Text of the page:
Telling the Hard Stories of Native American Life - 1760s-1860s


Wednesday, November 29, 2017 6:00PM

Telling the Hard Stories of Native American Life - 1760s-1860s





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Telling the Hard Stories of Native American Life - 1760s-1860s


Join California Historical Society for a night that explores the darkest parts of California's history from 1760-1860 relating to California's native population. Hear from three authors as they present on topics including the Mission era, Indian slavery and genocide, and then participate through an audience q&a session. Books by all three authors will be sold.

About our Speakers

Benjamin Madley is a historian of Native America, the United States, and colonialism in world history. Born in Redding, California, he spent much of his childhood in Karuk Country near the Oregon border where he became interested in the relationship between colonizers and indigenous peoples. He holds a B.A. from Yale University, an M.St. from Oxford University, and a Ph.D. from Yale. He writes about American Indians as well as colonialism in Africa, Australia, and Europe. His book chapters have been published in four edited volumes and his eight articles have appeared in journals ranging from the American Historical Review to the Journal of Genocide Research. Yale University Press published his first book, An American Genocide: The United States and the California Indian Catastrophe, 1846-1873. This book received the Los Angeles Times Book Prize for History, the Raphael Lemkin Book Award from the Institute for the Study of Genocide, the Charles Redd Center Award for the Best Book on the American West, the California Book Awards Gold Medal for Californiana, and the Heyday Books History Award. It was also named a New York Times Book Review Editor's Choice, an Indian Country Today Hot List book, and a Choice magazine Outstanding Academic Title. True West Magazine named Madley the Best New Western Author of 2016.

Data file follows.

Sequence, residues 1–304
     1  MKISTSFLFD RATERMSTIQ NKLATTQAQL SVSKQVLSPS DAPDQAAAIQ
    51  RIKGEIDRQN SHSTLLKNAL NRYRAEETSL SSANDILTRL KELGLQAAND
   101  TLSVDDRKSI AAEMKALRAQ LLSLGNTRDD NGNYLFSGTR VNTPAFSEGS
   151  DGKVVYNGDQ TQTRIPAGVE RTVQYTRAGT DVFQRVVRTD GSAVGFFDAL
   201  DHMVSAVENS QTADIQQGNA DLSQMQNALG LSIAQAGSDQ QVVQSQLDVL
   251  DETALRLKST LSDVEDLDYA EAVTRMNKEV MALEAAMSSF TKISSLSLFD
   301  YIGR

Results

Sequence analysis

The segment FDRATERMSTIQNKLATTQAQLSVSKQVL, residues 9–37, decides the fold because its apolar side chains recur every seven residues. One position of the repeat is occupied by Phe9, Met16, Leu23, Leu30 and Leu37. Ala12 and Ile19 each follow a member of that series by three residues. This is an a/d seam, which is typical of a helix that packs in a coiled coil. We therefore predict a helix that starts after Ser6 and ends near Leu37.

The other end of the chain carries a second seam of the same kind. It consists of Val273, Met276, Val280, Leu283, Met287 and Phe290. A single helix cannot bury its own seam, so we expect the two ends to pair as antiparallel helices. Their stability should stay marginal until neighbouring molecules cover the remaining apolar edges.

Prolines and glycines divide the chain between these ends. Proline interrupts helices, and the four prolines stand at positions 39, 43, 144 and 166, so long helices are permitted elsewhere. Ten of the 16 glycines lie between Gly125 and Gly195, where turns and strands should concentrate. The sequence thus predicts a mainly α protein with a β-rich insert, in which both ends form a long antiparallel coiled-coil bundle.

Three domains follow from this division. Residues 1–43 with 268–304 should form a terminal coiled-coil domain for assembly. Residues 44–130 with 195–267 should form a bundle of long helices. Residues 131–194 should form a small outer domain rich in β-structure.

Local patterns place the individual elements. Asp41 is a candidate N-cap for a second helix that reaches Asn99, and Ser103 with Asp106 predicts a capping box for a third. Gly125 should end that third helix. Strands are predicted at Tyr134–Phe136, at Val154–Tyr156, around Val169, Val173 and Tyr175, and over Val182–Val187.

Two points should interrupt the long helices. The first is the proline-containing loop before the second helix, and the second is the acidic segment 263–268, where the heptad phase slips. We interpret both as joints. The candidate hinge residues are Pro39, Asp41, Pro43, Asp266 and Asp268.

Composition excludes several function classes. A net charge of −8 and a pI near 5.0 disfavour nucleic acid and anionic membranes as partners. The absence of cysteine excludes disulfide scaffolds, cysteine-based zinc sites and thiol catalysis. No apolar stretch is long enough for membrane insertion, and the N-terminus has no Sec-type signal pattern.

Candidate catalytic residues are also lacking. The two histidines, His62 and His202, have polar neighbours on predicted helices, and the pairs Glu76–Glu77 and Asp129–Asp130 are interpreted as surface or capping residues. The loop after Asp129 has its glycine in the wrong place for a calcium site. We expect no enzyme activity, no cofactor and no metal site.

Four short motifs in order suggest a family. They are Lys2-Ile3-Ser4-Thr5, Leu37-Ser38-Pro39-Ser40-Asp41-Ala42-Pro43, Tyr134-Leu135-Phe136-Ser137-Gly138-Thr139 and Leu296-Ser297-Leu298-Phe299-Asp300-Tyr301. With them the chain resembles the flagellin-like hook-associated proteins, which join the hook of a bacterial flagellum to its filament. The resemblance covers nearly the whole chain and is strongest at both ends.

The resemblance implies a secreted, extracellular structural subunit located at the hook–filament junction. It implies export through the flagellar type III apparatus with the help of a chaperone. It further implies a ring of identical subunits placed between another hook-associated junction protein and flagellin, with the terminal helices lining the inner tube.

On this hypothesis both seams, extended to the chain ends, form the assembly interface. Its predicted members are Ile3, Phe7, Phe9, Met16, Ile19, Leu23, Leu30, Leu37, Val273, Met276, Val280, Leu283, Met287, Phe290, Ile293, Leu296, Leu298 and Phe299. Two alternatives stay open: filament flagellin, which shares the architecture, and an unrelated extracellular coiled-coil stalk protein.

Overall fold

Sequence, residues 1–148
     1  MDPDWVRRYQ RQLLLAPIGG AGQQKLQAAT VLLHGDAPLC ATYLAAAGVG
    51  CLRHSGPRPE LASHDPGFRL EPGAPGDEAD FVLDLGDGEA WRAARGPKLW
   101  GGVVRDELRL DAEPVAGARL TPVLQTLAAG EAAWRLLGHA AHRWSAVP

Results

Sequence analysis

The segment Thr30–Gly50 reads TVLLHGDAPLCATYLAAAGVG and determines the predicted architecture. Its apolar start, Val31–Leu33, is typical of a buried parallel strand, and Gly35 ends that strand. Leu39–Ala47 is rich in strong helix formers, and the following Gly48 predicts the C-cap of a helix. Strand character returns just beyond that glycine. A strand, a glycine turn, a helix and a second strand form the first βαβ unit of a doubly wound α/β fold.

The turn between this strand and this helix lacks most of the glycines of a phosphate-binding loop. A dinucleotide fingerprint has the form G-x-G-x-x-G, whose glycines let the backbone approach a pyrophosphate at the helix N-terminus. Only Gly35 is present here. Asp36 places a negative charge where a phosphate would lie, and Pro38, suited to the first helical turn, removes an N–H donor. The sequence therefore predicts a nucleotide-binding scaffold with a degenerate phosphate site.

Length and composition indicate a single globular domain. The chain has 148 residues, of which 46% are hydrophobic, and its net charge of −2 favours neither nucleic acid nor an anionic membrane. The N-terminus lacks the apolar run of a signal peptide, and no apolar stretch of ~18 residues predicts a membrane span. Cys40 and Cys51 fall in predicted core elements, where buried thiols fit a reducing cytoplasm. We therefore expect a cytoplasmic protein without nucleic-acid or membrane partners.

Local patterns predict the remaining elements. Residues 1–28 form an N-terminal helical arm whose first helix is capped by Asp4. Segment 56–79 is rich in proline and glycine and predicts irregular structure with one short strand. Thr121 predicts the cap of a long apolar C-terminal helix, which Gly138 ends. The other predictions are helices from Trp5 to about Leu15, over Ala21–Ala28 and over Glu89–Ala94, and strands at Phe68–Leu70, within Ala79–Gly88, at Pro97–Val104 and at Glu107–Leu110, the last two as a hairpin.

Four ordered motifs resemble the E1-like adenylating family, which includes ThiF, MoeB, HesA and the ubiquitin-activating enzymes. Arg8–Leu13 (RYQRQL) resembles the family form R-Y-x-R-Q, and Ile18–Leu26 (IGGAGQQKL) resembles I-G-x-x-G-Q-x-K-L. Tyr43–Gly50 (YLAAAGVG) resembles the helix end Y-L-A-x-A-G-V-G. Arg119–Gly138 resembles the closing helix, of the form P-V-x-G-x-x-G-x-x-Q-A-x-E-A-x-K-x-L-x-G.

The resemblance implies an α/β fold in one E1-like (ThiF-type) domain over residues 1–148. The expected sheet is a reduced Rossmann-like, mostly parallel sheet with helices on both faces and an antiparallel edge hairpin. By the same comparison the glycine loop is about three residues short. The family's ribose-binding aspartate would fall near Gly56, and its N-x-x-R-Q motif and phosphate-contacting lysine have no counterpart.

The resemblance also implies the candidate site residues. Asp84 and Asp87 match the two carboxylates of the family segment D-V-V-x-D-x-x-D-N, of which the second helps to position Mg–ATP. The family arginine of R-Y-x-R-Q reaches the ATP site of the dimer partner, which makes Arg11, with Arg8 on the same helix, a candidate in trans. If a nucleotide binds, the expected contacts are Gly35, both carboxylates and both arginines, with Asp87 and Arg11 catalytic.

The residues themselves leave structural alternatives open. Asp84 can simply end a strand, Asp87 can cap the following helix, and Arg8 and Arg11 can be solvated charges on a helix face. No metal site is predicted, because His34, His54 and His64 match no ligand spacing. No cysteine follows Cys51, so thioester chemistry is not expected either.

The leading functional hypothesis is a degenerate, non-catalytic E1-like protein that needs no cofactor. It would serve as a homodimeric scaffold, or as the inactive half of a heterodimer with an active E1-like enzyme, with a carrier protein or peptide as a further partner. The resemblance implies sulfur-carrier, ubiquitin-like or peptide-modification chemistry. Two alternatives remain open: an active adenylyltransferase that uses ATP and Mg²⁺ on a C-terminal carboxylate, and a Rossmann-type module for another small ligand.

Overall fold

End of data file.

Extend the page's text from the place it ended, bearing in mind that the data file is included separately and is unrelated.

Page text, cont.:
Michelle Lorimer is a historian and lecturer at California State University, San Bernardino, where she focuses on California, Native American history, and Museum Studies. She is the author of Resurrecting the Past: The California Mission Myth, which traces the marginalization of California Indians within mission history and critiques the romanticized narrative still presented today at many mission sites. Dr. Lorimer is also a member of the California Indian History Curriculum Coalition (CIHCC) and is currently working to create California Indian-vetted curriculum to replace the 4th grade mission project.

Andrés Reséndez grew up in Mexico City, where he received his B.A. in International Relations, briefly went into politics, and served as a consultant for historical soap operas (telenovelas). He received his Ph.D. in History at the University of Chicago and has taught at Yale, the University of Helsinki, and at the University of California, Davis, where he currently is a history professor and departmental vice chair. He is the author of The Other Slavery: The Uncovered Story of Indian Enslavement in America, a finalist for the 2016 National Book Award and winner of the 2017 Bancroft Prize. His other books include A Land So Strange: The Epic Journey of Cabeza de Vaca and Changing National Identities at the Frontier: Texas and New Mexico, 1800-1850.


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